The “Disappeared” stilt village

Our last stop before our next official stopping place, Maumere, where we had to renew our visas, was Pulau Besar, a small island off Flores where the cruising guide implied there was a stilt village out on the water.
The reality was nothing like the rather romantic looking water village in the book – instead the village was firmly built on the land although admittedly the houses were mostly on stilts!

On our way into the anchorage I was looking around to check if there were any uncharted reefs and saw a long line of splashes in the middle distance. Definitely no reef on the charts there so I looked more closely and realised that the splashes were being made by about 40 or 50 creatures rising to the surface and then diving under again, all in a long line.
My first thought was that it was dolphins but their movement was much slower and more stately than the classic exuberant ducking and weaving of dolphins.
We then realised they looked as if they were much larger than dolphins – maybe two or three times bigger. We also noticed that they had distinctive scimitar shaped fins. Maybe whales of some kind?
Later we looked on the Internet and think that what we saw was either a pod of pilot whales or melon head whales. Whichever they were, it was a wonderful sight.
After we had made our way through the channel between the reefs to the anchorage (quite easy this time but we were following our friends on Carrie in!) we launched the dinghy and went into the small stilt village.

The villagers were really delightful and very friendly. The first man who talked to us explained through sign language, a few words of English and helped by consultation of our phrase book, that he lived in the brand new, extremely neat, village on the hillside that we had noticed on our arrival.

Turns out it had been built when a “Gunung Api” (volcano) erupted and destroyed his village , we think on mainland Flores. There appeared to be no infrastructure other than a ferry wharf and we wondered what life must be like for those displaced villagers. 
There were very few lights shining that night on the hillside and we assumed that not many had taken up the offer of a new home in a strange place and who can blame them.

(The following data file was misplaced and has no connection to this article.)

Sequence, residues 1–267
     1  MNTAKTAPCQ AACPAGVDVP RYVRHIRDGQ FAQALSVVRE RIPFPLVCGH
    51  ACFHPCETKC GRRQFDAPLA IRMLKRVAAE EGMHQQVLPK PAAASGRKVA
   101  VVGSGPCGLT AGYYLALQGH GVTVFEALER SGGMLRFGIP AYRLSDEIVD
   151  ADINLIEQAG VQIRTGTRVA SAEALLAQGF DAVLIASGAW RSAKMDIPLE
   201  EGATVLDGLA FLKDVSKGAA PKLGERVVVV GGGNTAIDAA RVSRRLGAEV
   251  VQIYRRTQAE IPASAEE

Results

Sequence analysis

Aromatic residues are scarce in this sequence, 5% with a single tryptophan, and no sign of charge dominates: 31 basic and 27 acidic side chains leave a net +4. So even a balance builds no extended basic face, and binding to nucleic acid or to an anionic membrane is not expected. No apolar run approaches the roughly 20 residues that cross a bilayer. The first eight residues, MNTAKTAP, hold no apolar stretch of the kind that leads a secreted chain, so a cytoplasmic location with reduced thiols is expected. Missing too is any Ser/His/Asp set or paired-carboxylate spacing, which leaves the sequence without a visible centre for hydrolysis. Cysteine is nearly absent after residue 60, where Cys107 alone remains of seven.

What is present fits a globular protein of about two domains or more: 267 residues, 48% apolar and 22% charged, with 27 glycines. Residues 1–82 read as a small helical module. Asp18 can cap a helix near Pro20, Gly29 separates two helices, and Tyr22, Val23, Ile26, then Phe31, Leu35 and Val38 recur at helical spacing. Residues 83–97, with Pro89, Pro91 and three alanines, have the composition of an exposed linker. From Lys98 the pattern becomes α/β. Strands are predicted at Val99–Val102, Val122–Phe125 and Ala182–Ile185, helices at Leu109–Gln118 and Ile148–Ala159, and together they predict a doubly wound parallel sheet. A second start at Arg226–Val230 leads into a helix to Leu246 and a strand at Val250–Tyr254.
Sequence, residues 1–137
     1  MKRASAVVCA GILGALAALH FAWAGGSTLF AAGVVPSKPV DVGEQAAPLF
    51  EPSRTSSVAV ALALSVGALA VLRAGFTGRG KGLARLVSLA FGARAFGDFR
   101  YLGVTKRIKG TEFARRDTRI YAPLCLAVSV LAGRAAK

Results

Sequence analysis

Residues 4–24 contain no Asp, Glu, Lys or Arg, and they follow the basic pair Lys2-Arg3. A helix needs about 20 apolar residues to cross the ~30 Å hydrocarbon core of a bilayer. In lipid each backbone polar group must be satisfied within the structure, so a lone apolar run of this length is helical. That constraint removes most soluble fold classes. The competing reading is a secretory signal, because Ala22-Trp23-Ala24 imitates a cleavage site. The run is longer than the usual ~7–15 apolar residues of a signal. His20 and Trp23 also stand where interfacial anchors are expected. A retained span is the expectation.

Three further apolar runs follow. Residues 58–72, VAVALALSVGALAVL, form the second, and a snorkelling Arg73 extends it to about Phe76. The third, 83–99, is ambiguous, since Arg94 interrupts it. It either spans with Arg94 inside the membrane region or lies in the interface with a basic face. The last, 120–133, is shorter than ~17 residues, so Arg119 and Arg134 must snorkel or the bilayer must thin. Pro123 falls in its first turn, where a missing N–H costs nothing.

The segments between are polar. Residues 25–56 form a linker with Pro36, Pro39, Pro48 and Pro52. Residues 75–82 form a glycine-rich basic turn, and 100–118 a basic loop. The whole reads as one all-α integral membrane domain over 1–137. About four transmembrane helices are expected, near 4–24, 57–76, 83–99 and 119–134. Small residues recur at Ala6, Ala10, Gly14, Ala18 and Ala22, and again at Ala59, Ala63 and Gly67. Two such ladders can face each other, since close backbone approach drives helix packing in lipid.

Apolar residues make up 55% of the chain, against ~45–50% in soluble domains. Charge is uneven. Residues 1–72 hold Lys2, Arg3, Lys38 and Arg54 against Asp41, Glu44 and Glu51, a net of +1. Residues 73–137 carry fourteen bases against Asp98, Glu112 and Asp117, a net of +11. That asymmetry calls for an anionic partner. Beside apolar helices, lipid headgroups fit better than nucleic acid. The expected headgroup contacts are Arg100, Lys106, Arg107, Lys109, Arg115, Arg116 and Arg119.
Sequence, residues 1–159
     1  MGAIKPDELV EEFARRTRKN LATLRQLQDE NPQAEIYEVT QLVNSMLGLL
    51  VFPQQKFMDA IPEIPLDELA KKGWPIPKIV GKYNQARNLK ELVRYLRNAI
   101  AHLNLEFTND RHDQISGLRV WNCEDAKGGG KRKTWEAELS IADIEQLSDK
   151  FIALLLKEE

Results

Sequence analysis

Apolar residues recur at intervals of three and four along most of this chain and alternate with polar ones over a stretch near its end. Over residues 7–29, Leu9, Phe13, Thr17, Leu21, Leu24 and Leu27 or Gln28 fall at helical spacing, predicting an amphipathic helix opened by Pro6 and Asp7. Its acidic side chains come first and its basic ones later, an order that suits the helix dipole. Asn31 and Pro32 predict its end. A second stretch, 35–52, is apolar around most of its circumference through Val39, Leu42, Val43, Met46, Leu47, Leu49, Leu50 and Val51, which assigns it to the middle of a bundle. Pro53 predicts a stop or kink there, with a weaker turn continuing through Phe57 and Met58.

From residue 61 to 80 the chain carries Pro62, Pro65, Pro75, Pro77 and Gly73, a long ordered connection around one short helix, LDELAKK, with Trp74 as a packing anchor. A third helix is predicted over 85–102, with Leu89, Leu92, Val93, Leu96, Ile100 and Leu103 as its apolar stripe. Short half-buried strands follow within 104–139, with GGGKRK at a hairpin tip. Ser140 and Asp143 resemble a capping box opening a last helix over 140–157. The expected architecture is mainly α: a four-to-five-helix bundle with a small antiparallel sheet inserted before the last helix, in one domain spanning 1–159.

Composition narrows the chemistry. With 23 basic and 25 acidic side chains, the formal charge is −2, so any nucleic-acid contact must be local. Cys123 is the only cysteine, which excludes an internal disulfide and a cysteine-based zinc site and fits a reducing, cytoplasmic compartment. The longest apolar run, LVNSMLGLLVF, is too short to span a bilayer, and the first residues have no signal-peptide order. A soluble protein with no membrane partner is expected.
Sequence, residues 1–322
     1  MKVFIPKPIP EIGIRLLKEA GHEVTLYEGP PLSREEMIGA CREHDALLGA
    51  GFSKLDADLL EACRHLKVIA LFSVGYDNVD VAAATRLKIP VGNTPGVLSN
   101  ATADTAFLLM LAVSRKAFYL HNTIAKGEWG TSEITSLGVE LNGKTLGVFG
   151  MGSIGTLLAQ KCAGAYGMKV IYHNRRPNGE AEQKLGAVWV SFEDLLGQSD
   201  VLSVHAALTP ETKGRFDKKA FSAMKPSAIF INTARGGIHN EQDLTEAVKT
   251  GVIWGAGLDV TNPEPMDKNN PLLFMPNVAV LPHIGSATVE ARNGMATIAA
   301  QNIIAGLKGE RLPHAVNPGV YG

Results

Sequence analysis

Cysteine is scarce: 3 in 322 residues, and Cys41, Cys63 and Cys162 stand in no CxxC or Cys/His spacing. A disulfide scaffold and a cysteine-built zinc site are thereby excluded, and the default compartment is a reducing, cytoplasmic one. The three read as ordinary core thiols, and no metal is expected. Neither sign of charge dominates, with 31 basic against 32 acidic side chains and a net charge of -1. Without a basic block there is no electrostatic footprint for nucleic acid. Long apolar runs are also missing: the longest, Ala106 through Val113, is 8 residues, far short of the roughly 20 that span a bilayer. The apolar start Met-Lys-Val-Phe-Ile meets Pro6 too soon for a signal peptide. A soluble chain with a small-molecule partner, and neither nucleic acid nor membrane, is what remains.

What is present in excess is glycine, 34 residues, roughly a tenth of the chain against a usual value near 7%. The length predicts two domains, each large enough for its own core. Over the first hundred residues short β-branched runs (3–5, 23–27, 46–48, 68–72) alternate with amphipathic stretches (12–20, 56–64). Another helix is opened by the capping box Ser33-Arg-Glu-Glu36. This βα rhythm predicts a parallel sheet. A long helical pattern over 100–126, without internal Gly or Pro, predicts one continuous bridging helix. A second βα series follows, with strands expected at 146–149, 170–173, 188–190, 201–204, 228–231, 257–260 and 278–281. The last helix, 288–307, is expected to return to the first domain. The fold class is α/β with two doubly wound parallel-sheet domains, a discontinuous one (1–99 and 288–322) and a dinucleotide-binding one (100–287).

We enjoyed chatting with villagers and taking photos – the kids thought their photos hilarious and even the adults seemed to enjoy being photographed and seeing the results!

We gave away notebooks, pens and coloured pencils (and a few lollipops!) And miraculously there was enough for each of the children to have something.

It was quite hot so it was great to dive off the boat later and have a cooling swim before the sun went down.


Published by

Salty tales from Bali Hai

In 2015, after a break from cruising of almost 30 years, my husband and I sailed off into the sunset - this time to the wonderful Islands of Indonesia and beyond. Three years passed and we swapped sails for wheels driving through Scandinavia and Europe in a motor home. Now we are on the brink of another adventure - buying a Lagoon 420 Catamaran in Athens. This is our story.

2 thoughts on “The “Disappeared” stilt village”

  1. Hi there,

    What incredible memories you will have of this intrepid adventure. I really treasure the sheer unbridled delight of the villagers when they saw us arrive and the excitement we generated on those remote islands.

    Cheers Bronwyn

    Bronwyn Clarke M: +61 410 343 077



Leave a Reply

Fill in your details below or click an icon to log in: Logo

You are commenting using your account. Log Out /  Change )

Twitter picture

You are commenting using your Twitter account. Log Out /  Change )

Facebook photo

You are commenting using your Facebook account. Log Out /  Change )

Connecting to %s